How did Bixi do in its first year in Toronto? [TorontoLife]

How did Bixi do in its first year in Toronto?

Maybe it was the unnaturally mild winter or the rising ranks of the city’s pinko cyclists, but stats show 23,000 trips were taken in winter, accounting for about 22% of the first year of usage. Altogether, BIXI met its goal of attracting 5,000 members and Torontonians took more than 556,000 trips around the downtown core. 

 

 

OpenRoad: How construction projects can occupy bike lanes—legally [OpenFile]

OPENROAD: HOW CONSTRUCTION PROJECTS CAN OCCUPY BIKE LANES—LEGALLY

For about a month last year, Toronto cyclist Lizz Bryce avoided the stretch of St. George Street near the Rotman School of Management at all costs. The building was under construction and the project spilled out onto the sidewalks and beyond, often blocking the street’s heavily-used northbound bike lane.

 

 

The Grid guide to cycling etiquette [The Grid TO]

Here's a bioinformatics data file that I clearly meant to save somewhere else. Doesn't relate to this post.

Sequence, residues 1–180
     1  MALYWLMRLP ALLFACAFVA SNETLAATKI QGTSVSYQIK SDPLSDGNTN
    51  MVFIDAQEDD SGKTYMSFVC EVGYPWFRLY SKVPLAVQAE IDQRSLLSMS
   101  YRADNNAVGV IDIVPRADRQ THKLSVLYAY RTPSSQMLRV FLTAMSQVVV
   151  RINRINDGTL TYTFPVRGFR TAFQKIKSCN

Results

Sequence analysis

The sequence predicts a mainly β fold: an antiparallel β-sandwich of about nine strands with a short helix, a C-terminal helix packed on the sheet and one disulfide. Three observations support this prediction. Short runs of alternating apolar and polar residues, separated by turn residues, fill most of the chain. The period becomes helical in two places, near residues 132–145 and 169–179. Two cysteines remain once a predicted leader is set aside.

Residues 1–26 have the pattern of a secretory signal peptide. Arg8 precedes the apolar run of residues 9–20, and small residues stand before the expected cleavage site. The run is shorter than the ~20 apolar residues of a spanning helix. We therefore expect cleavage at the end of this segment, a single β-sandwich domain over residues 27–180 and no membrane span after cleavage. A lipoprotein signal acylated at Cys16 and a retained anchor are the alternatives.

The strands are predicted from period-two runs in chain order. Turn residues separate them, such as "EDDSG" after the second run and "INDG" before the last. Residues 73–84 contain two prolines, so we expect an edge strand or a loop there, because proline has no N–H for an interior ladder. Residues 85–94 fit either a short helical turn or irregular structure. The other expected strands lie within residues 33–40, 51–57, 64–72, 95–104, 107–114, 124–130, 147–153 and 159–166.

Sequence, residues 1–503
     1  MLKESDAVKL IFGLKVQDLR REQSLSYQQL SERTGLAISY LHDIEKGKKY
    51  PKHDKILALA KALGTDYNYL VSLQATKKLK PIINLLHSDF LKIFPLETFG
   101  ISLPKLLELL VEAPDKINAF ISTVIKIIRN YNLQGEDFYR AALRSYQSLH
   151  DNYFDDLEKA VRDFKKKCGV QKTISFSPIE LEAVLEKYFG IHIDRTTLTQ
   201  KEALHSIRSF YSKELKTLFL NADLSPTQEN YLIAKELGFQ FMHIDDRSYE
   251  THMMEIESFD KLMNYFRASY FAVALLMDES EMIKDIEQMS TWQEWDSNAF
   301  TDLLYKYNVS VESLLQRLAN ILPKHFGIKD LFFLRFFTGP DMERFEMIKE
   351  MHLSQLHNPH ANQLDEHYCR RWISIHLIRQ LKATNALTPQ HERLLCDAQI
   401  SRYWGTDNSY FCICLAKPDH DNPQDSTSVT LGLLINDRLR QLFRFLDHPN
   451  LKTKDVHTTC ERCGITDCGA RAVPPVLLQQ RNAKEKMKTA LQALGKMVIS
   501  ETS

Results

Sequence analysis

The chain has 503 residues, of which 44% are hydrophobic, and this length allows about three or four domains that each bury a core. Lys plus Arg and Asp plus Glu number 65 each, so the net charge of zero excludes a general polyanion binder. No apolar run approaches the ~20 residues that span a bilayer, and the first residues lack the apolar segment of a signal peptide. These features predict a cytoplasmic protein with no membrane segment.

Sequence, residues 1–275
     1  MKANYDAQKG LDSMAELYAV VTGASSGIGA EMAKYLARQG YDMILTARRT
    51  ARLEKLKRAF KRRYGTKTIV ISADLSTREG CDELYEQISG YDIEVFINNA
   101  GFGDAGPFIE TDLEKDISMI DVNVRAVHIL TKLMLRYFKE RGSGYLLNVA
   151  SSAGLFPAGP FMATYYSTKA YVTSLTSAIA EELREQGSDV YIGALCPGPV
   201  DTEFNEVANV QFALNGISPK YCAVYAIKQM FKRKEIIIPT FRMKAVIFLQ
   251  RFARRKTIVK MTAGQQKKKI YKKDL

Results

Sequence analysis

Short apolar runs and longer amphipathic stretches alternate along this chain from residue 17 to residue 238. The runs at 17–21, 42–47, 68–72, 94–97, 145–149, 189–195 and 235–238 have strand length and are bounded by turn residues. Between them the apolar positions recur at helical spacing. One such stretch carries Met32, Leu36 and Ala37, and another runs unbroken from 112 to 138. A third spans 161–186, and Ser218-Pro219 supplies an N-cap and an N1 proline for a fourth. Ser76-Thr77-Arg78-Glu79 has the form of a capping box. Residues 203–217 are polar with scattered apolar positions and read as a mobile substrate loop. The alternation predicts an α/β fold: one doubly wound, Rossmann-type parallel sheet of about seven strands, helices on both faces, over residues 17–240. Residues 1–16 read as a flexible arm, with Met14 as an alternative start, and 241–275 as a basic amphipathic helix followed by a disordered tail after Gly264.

How should people behave in cities? The Grid’s Urban Etiquette video series gives you a few tips on how to be a polite city dweller.

This week, we ask Andrea Garcia, the Advocacy Director of the Toronto Cyclists Union, to advise us on why cyclists shouldn’t run red lights, how often to ring your bell, and whether bike flirting is an acceptable practice.

Bixi Toronto bike rental service turns 1 [CityNews]

Bixi Toronto bike rental service turns 1

Bixi Toronto is celebrating its first anniversary with events at several bike rental stations around the city.

The celebrations for the popular bike rental service featured a stunt rider, gifts and giveaways for Torontonians at five bike stations.

Spokesman Michel Philibert said the program has been a success, attracting 5,176 members who took more than 550,000 trips in the first year.

Bike Collision Rates are Down on Jarvis Street [Toronto Cyclists Union / Cycle Toronto]

This week the Toronto Cyclists Union obtained a collision review of Jarvis Street.  The data, compiled by City Staff in the Transportation Services department, proves that Jarvis Street is now safer for all road users. The motor vehicle-bicycle collision rate has decreased by 29%, while the number of collisions between pedestrians and motor vehicles decreased by 89%. In fact, since the bike lanes were installed, the total number of all reported collisions per year along Jarvis Street has decreased by 23% – this includes drivers, pedestrians and cyclists!